4.2 (1.5–11)

0.004*

1.9 (0.1–31)

0.638

6.4 (0.7–57)

0.096

7.0 (0.9–57)

0.067

Valve + CABG

2.3 (0.9–5.6)

0.053

1.6 (0.4–6.3)

0.484

2.4 (0.7–7.8)

0.122

2.6 (0.9–7.1)

0.050

All-cause mortality

1.6 (0.9–2.8)

0.064

1.2 (0.5–2.7)

0.533

1.6 (0.7–3.5)

0.258

2.2 (1.1–4.2)

0.025*

CV mortality

2.2 (1.0–4.5)

0.032*

1.2 (0.4–3.7)

0.739

2.5 (0.9–6.6)

0.070

3.1 (1.3–7.4)

0.010*

Heart failure

1.8 (0.9–3.5)

0.057

0.8 (0.2–2.5)

0.796

2.5 (1.0–5.8)

0.034*

2.5 (1.1–5.4)

0.023*

Stroke

1.6 (0.5–4.8)

0.327

1.0 (0.2–5.3)

0.918

n.a.

n.a.

3.8 (1.2–11.9)

0.019*

n.a.

ACS

1.9 (0.8–4.4)

0.137

1.5 (0.4–4.9)

0.492

1.6 (0.4–5.9)

0.483

2.6 (0.9–7.4)

0.067

MACCEs major adverse cardiovascular and cerebrovascular events; LA left atrial; LAVi left atrial volume index; HR hazard ratio; CI confidence interval; CABG coronary artery by-pass graft; Valve valve surgery; CV cardiovascular; ACS acute coronary syndrome; n.a not applicable (no event)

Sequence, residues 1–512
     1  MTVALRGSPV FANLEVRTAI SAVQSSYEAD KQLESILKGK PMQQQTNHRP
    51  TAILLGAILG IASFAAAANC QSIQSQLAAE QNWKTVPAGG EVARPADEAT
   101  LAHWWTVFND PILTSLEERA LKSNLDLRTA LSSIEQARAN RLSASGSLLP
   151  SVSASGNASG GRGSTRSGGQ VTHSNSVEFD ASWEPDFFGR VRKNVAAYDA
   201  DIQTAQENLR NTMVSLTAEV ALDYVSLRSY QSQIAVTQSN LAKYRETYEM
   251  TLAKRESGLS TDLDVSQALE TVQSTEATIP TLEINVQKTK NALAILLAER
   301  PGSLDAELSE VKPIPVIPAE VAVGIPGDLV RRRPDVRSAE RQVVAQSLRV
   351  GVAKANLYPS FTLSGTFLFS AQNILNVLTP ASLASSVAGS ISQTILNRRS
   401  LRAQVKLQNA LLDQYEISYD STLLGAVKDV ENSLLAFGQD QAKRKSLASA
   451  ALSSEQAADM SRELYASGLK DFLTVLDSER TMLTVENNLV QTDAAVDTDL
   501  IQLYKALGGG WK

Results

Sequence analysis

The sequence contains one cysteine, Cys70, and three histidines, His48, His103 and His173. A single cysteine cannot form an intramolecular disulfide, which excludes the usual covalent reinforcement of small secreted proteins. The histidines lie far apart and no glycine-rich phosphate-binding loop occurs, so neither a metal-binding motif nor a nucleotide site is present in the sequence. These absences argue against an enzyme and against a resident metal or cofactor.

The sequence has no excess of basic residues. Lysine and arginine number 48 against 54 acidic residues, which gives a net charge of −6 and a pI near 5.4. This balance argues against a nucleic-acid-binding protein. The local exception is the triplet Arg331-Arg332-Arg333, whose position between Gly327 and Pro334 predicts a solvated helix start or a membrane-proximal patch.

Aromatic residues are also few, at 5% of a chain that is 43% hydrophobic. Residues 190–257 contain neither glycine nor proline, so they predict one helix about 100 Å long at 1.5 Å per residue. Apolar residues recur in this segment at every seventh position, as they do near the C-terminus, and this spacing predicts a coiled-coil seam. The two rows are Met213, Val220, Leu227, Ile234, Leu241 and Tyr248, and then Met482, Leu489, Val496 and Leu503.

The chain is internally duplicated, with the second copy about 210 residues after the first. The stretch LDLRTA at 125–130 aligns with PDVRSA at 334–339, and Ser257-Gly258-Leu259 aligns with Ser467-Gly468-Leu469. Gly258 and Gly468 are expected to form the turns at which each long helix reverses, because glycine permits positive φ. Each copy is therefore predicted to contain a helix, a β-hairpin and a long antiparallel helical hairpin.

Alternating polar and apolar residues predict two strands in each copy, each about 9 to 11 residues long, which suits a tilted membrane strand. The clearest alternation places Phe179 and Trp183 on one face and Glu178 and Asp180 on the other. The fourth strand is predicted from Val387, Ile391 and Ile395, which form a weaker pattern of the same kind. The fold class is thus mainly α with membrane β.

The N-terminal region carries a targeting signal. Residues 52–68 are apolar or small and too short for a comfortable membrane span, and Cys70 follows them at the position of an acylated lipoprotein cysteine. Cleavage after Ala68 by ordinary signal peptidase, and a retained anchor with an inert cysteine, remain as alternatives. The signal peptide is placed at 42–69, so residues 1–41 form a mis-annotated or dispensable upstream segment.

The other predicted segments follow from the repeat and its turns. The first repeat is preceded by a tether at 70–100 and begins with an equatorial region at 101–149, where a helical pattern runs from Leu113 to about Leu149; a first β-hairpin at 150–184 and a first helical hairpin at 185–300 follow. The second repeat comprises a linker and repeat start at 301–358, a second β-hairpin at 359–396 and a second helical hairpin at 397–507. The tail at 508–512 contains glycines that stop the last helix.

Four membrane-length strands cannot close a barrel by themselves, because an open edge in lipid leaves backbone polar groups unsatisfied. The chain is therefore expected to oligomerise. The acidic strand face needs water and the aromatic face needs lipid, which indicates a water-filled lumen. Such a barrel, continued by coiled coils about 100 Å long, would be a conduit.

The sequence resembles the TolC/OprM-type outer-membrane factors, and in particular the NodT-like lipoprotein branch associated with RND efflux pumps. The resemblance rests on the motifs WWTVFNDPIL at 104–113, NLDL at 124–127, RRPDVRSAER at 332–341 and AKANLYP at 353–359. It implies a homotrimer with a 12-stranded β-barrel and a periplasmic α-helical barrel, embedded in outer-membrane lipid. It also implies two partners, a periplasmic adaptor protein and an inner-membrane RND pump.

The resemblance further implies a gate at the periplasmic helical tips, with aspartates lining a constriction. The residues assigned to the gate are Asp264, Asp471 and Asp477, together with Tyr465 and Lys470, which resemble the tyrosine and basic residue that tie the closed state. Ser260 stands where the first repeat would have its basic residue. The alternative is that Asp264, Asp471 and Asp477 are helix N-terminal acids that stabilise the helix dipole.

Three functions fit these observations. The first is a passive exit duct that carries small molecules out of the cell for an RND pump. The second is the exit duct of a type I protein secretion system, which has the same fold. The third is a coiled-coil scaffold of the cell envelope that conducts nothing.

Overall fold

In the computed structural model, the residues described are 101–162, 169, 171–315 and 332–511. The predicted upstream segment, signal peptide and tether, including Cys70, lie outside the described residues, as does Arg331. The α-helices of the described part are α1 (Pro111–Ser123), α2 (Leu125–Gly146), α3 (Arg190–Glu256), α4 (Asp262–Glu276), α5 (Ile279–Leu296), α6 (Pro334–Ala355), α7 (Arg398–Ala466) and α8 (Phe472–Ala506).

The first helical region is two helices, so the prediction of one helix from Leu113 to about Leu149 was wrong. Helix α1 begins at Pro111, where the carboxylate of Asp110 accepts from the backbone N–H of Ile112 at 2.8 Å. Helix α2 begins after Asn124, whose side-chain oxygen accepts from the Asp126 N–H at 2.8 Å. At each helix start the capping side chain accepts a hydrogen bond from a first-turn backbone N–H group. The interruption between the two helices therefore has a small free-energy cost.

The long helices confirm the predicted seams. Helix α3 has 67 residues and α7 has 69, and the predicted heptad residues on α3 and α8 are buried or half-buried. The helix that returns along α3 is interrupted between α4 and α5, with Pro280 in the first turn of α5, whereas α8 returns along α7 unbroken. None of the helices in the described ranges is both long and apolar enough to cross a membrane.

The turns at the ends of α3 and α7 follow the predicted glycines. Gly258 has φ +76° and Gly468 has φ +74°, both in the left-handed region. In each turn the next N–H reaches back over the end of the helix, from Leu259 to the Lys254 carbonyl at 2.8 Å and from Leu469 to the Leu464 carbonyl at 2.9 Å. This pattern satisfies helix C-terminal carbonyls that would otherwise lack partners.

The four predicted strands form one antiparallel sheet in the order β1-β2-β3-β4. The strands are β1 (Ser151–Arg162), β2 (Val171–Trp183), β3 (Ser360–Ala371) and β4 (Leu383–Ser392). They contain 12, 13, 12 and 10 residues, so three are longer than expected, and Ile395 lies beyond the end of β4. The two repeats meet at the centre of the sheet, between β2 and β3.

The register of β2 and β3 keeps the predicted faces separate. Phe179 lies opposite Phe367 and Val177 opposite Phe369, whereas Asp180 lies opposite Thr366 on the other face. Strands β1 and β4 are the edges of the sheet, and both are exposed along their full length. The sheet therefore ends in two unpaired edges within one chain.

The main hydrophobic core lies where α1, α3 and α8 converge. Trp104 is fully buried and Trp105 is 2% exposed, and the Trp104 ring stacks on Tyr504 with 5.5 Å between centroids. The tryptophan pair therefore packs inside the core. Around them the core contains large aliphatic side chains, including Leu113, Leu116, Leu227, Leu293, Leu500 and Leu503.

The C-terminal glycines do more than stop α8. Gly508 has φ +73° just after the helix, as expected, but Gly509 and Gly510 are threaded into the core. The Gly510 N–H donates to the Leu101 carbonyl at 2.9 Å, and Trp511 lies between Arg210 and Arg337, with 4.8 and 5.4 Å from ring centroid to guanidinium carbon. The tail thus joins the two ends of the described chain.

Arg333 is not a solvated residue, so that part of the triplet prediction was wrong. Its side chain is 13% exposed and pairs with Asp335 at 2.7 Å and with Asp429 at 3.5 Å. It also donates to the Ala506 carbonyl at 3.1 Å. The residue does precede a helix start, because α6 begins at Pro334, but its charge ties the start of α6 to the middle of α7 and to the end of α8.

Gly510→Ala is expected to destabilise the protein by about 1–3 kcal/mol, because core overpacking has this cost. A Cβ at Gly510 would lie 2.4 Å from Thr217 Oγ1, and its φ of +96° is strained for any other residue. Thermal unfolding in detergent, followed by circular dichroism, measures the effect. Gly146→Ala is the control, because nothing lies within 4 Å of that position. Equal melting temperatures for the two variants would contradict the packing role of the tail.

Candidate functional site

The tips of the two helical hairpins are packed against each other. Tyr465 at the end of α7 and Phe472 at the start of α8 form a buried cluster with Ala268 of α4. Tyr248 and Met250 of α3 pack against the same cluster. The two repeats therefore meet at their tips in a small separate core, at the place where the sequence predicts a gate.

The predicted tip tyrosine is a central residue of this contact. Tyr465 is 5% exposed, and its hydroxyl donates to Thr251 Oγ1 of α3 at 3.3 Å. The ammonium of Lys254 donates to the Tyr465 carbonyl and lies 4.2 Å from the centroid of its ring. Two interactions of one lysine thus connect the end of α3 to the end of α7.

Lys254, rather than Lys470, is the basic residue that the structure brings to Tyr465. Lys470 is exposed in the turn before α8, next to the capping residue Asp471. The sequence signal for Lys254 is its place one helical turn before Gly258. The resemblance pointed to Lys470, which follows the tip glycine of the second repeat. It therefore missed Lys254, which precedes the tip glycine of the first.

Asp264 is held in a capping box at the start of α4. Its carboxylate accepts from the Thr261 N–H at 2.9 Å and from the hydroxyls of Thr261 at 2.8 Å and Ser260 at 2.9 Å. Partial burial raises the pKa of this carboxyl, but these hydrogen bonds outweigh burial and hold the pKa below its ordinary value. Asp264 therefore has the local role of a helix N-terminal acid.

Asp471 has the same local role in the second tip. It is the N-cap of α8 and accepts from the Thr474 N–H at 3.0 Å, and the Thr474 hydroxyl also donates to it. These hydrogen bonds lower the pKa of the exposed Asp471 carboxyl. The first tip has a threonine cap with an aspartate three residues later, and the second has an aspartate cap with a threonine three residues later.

P value: difference in comparison with normal LAVi group (≤34 ml/m2) * p < 0.05; # p < 0.001

Fig. 1

Left: LA enlargement and survival free from MACCEs in CABG patients. Right: LA enlargement and survival free from MACCEs in valve surgery patients. MACCEs, major adverse cardiovascular and cerebrovascular events; LA, left atrium

By dividing the whole population according to severity partition cut-offs, MACCEs rate was significantly higher in patients with either moderate or severe LA enlargement but not in those with mild LA enlargement (Fig. 2 and Table 2). Multivariate analysis, adjusted for age, gender, diabetes, E/A, atrial fibrillation at discharge and LVEF, confirmed the role of LA enlargement in predicting MACCEs in the whole population; moreover, the progressive increase of LAVi severity maintained an incremental risk of MACCEs in patients with LA enlargement ranging from moderate to severe (Fig. 3).